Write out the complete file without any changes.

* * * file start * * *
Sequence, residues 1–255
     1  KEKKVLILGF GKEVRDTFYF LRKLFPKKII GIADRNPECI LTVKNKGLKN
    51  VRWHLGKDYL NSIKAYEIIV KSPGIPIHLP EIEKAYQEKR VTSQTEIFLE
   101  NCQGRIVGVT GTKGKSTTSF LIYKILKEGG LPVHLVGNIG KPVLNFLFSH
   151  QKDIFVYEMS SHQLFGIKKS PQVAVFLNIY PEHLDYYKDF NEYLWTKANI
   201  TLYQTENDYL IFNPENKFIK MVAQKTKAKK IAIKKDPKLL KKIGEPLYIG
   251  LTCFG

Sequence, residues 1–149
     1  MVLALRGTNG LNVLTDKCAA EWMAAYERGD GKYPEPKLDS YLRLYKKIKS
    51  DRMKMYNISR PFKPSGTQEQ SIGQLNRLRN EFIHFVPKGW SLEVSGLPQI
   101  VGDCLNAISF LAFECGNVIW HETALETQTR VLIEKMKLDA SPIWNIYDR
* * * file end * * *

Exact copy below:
Sequence, residues 1–255
     1  KEKKVLILGF GKEVRDTFYF LRKLFPKKII GIADRNPECI LTVKNKGLKN
    51  VRWHLGKDYL NSIKAYEIIV KSPGIPIHLP EIEKAYQEKR VTSQTEIFLE
   101  NCQGRIVGVT GTKGKSTTSF LIYKILKEGG LPVHLVGNIG KPVLNFLFSH
   151  QKDIFVYEMS SHQLFGIKKS PQVAVFLNIY PEHLDYYKDF NEYLWTKANI
   201  TLYQTENDYL IFNPENKFIK MVAQKTKAKK IAIKKDPKLL KKIGEPLYIG
   251  LTCFG

Sequence, residues 1–149
     1  MVLALRGTNG LNVLTDKCAA EWMAAYERGD GKYPEPKLDS YLRLYKKIKS
    51  DRMKMYNISR PFKPSGTQEQ SIGQLNRLRN EFIHFVPKGW SLEVSGLPQI
   101  VGDCLNAISF LAFECGNVIW HETALETQTR VLIEKMKLDA SPIWNIYDR